This year marks three decades in the bike-building business for Devinci. And as they throttle it into their dirty thirties, they’re partying like it’s 1987 with a limited-edition rollout of an extra-retro experiment: The YYZ.
“One of our long-lost designers came up with the original XYZ mountain bike design,” says Steve Mitchell, renowned bike collector and Devinci’s B.C. sales rep. “It was kinda like this ugly-duckling of ridiculousness. With no one to explain it to us, we decided to bring it back and interrogate it for secrets. That’s how the YYZ was born.”
A story of creation, YYZ’s roots hearken back to the late ’80s when Devinci was an infant brand bench-making aluminum frames at its headquarters in Chicoutimi, Canada. The mountain bike scene was similarly milk-fed back then, in the process of meandering from Marin County, California to Vancouver’s rugged North Shore. The geographical gear-shift spurred big changes to bike designs in general. And around the same time New Kids On The Block was making little girls scream, the bike industry was jumping on the mountain bike bandwagon with a deluge of neon-spewing hardtails.
“These were the first attempts at core mountain bikes,” Mitchell says. “They marked the start of the long twisty road we’ve been on in the industry—lots of swings and hits… plus a few misses. The XYZ may not have been a sales homerun. But it’s one of the most intriguing Devinci designs from the era.”
The reincarnated YYZ riffs off the original XYZ with assorted ’90s flavors such as crossover top-tubes, triangles galore, and an elevated chainstay. Beyond the frame, the 30th anniversary build fires up the flux capacitor with componentry that vibes toward the contemporary. SRAM, also celebrating an anniversary in 2017, has been a project co-conspirator since the get-go. YYZ drivetrain operations are powered by the Chicago-based company’s XX1 Eagle weaponry. Its cockpit, on the other hand, comes courtesy of Chromag out of Whistler. Finally RockShox RS1 forks and stylin’ Maxxis Skin wall tires complete the look.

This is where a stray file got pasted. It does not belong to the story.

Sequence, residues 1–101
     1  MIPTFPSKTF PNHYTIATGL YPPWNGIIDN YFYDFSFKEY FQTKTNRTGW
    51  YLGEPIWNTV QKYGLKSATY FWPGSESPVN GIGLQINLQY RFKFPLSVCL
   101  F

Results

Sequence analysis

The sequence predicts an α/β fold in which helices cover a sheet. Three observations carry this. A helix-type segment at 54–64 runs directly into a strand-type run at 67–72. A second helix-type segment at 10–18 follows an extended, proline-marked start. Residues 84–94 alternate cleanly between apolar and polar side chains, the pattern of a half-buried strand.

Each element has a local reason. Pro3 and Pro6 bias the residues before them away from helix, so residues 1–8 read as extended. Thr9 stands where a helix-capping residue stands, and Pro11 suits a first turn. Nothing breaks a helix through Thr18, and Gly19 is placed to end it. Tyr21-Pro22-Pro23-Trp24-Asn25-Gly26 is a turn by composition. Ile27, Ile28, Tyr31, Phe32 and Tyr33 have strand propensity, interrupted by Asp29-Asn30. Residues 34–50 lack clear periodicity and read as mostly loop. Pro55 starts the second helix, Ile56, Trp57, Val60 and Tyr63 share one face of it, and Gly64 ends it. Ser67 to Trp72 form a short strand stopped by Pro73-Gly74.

“SRAM’s Tyler Morland found himself interested in YYZ and helped us out with parts to make this dream-build possible,” says Devinci marketing manager Julien Boulais. “We wanted old school to meet new standards. That also includes boost, a good reach, slack head angles, and short chainstays.”
In the late ’80s, the XYZ was a cutting-edge prototype with the kind of artistry you’d appreciate while ogling it through your bitchin’ Oakley Blades. Today’s YYZ is the party-on incarnation, representing decades of team- and trail-driven innovations. This bike will remain an experiment project with a limited production of three scratch-made frames. “Overall we’re just a bunch of passionate riders with a factory at our disposal,” Boulais says. “We’ve been creating, and building bikes here for the past 30 years and we’re still having a hell of a good time doing it.”
Get a first glimpse of the neo-retro YYZ this week at the Sea Otter Classic, where two of the three bikes will be on display.